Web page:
By Donald Scarinci | August 22nd, 2012 - 4:31pm
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New Jersey’s proposed sports betting program is a bold move, considering that federal law limits sports gambling to just a handful of states. Since we are not currently one of them, New Jersey residents hoping to place bets on the Jets or Giants anytime soon better hope that the state has the U.S. Constitution on its side.

Earlier this year, Gov. Chris Christie signed a law that amends the New Jersey Constitution to authorize sports betting in the state’s 12 casinos and five racetracks. It specifically allows "wagering … on the results of any professional, college, or amateur sport or athletic event, except that wagering shall not be permitted on a college sport or athletic event that takes place in New Jersey or on a sport or athletic event in which any New Jersey college team participates regardless of where the event takes place."

However, before the first bet is placed, the state must still overcome a significant legal roadblock. The NCAA, the National Football League, the National Basketball Association, the National Hockey League, and Major League Baseball have filed a lawsuit seeking to block state officials from enacting a sports gambling program in New Jersey. They argue that the proposal violates the Professional and Amateur Sports Protection Act (PASPA).

The federal law, passed in 1992, specifically prohibits governmental entities, including the states, from authorizing sports wagering. It also authorizes professional and amateur sports organizations, as well as the United States Attorney General, to file lawsuits to enforce its provisions.

Nevada, Delaware, Oregon, and Montana are the only states excluded under the law, although Las Vegas is the only state that currently offers extensive sports betting. Ironically, New Jersey had the opportunity to enact a sports gambling program during a one-year window before the statute took effect, but failed to act in time.

Now, New Jersey must challenge the constitutionality of the law itself.

In typical fashion, Gov. Christie is not deterred by the federal ban. "I don't believe that the federal government has the right to decide that only certain states can have sports gambling. On what basis?" Christie questioned. “If there was a grand nationwide prohibition, there wouldn’t be an argument, but how is it that sports gambling in New Jersey is going to affect the sports leagues more than it already affects the sports leagues in Nevada?”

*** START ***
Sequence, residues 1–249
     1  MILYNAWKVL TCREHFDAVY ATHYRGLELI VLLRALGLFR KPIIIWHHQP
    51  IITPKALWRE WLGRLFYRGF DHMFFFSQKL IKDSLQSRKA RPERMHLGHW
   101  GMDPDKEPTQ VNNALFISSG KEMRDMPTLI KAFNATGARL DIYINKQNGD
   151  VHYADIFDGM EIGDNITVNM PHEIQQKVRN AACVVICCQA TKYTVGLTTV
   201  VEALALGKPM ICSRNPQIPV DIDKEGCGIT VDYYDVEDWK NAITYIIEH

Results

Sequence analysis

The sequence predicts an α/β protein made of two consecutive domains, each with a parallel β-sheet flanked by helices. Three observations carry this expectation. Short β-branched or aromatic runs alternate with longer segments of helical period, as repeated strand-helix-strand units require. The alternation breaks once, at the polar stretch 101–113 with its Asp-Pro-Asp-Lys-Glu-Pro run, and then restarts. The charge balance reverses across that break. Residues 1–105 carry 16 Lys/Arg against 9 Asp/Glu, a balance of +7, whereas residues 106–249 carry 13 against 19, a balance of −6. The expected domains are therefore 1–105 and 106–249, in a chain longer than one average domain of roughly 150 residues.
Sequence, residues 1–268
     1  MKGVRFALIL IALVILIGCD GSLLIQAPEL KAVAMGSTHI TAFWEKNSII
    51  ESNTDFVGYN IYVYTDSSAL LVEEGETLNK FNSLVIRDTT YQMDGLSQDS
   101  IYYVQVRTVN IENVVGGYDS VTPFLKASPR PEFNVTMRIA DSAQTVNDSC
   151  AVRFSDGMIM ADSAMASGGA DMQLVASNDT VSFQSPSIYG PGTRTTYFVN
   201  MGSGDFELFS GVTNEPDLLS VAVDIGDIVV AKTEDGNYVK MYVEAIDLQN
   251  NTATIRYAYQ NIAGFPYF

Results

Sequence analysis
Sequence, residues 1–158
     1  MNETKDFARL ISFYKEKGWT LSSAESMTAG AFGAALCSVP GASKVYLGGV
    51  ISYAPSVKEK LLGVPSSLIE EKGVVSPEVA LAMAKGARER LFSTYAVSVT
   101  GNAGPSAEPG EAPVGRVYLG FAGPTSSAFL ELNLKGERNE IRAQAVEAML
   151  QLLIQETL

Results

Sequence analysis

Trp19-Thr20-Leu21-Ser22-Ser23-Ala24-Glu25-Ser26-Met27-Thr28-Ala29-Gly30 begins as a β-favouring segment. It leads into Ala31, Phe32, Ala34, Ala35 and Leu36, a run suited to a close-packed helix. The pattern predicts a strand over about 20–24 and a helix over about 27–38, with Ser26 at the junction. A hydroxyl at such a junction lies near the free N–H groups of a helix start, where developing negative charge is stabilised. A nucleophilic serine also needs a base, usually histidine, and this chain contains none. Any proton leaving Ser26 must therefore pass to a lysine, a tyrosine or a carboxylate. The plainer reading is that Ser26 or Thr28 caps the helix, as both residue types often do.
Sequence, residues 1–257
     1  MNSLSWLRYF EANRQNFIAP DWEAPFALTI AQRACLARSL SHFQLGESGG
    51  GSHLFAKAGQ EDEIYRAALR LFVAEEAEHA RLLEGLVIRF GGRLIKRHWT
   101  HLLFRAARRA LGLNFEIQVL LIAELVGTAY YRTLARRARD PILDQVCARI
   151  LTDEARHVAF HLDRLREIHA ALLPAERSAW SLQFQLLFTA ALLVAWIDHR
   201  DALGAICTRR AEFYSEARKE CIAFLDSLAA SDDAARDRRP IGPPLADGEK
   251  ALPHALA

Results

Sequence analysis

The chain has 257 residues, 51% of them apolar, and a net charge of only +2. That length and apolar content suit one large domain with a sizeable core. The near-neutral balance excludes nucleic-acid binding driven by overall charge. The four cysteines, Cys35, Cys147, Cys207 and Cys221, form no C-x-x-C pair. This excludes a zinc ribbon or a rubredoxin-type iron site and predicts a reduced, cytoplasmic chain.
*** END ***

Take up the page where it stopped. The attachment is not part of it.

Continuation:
In response to the legal argument that sports betting in New Jersey would harm the leagues, Christie said, "And it doesn't acknowledge that there is illegal sports gambling going on in every state in America, as we speak. So why is this more injurious than illegal sports gambling to the operations of the league or the NCAA?"

In challenging the law, New Jersey is expected to argue that the PASPA is unconstitutional under the equal protection clause of Fourteenth Amendment because it is not applied equally across all states. However, the state could also challenge the law on several other constitutional grounds, including the state’s rights under the Tenth and Eleventh Amendments. The basic argument would be that the power to regulate gambling and benefit from the revenue it generates should rest with the states, particularly when the activities in question would take place solely within New Jersey.

New Jersey has tried this argument before. In 2009, New Jersey Sen. Raymond Lesniak (D., Union) and various gambling associations filed a lawsuit seeking to overturn the ban. However, it was dismissed as premature because the state had not yet officially approved a sports-betting program.

This time, New Jersey appears to be “all in.”

Donald Scarinci is a managing partner at Lyndhurst, N.J.-based law firm Scarinci Hollenbeck.  He is also the editor of the Constitutional Law Reporter and Government & Law blogs.

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